Distribution of AGG interruption patterns within nine world populations

Carolyn M. Yrigollen, Stefan Sweha, Blythe Durbin-Johnson, Lili Zhou, Elizabeth Berry-Kravis, Isabel Fernandez-Carvajal, Sultana M.H. Faradz, Khaled Amiri, Huda Shaheen, Roberta Polli, Luis Murillo-Bonilla, Gabriel de Jesus Silva Arevalo, Patricia Cogram, Alessandra Murgia, Flora Tassone

Research output: Contribution to journalArticlepeer-review

17 Citations (Scopus)


The CGG trinucleotide repeat within the FMR1 gene is associated with multiple clinical disorders, including fragile X-associated tremor/ataxia syndrome, fragile X-associated primary ovarian insufficiency, and fragile X syndrome. Differences in the distribution and prevalence of CGG repeat length and of AGG interruption patterns have been reported among different populations and ethnicities. In this study we characterized the AGG interruption patterns within 3,065 normal CGG repeat alleles from nine world populations including Australia, Chile, United Arab Emirates, Guatemala, Indonesia, Italy, Mexico, Spain, and United States. Additionally, we compared these populations with those previously reported, and summarized the similarities and differences. We observed significant differences in AGG interruption patterns. Frequencies of longer alleles, longer uninterrupted CGG repeat segments and alleles with greater than 2 AGG interruptions varied between cohorts. The prevalence of fragile X syndrome and FMR1 associated disorders in various populations is thought to be affected by the total length of the CGG repeat and may also be influenced by the AGG distribution pattern. Thus, the results of this study may be important in considering the risk of fragile X-related conditions in various populations.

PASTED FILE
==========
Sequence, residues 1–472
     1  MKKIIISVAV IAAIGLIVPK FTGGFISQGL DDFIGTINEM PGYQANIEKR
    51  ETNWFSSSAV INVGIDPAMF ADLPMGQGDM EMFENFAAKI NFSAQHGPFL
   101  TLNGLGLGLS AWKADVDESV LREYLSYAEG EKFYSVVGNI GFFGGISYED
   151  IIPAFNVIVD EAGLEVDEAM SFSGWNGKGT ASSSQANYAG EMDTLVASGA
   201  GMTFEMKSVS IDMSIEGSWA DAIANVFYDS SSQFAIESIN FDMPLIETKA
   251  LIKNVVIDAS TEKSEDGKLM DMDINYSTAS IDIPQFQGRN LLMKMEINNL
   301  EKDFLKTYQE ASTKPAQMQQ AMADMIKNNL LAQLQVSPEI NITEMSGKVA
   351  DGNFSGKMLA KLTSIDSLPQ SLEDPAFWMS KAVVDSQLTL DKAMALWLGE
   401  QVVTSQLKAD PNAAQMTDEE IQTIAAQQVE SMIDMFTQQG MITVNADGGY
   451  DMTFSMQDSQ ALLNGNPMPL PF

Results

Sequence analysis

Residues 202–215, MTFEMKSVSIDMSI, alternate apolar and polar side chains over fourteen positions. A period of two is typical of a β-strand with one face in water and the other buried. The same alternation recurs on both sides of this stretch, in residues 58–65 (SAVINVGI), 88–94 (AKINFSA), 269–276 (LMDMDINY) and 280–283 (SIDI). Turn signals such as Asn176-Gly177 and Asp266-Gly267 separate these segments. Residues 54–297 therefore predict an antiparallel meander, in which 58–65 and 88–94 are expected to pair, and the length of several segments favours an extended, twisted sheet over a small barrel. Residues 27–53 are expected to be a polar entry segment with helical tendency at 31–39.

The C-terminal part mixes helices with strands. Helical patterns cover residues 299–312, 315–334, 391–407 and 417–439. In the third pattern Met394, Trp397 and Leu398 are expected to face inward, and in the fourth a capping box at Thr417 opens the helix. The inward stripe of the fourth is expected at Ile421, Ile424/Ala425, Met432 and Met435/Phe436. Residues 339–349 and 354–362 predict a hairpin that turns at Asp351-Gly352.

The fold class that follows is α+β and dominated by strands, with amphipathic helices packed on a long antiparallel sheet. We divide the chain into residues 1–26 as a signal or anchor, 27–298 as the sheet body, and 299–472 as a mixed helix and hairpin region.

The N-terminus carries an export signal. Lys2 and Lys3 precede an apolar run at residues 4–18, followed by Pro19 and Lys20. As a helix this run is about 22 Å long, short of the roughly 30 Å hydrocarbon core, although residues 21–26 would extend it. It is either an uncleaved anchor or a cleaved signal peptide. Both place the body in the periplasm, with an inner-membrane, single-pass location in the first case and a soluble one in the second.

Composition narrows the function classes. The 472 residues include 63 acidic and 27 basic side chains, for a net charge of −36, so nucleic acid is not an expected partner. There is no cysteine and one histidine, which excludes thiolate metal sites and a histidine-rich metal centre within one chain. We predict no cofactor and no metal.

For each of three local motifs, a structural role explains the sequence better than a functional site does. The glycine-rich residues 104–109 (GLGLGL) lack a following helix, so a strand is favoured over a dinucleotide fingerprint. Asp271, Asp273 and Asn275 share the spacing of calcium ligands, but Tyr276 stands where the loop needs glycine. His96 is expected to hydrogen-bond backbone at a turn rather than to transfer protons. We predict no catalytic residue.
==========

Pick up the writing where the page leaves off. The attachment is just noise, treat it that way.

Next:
Original languageEnglish
Pages (from-to)153-161
Number of pages9
JournalIntractable and Rare Diseases Research
Issue number4
Publication statusPublished - 2014


  • AGG interruptions
  • CGG repeat
  • Ethnicity
  • Expansion
  • FMR1 allele

ASJC Scopus subject areas

  • General Medicine


Dive into the research topics of 'Distribution of AGG interruption patterns within nine world populations'. Together they form a unique fingerprint.

Cite this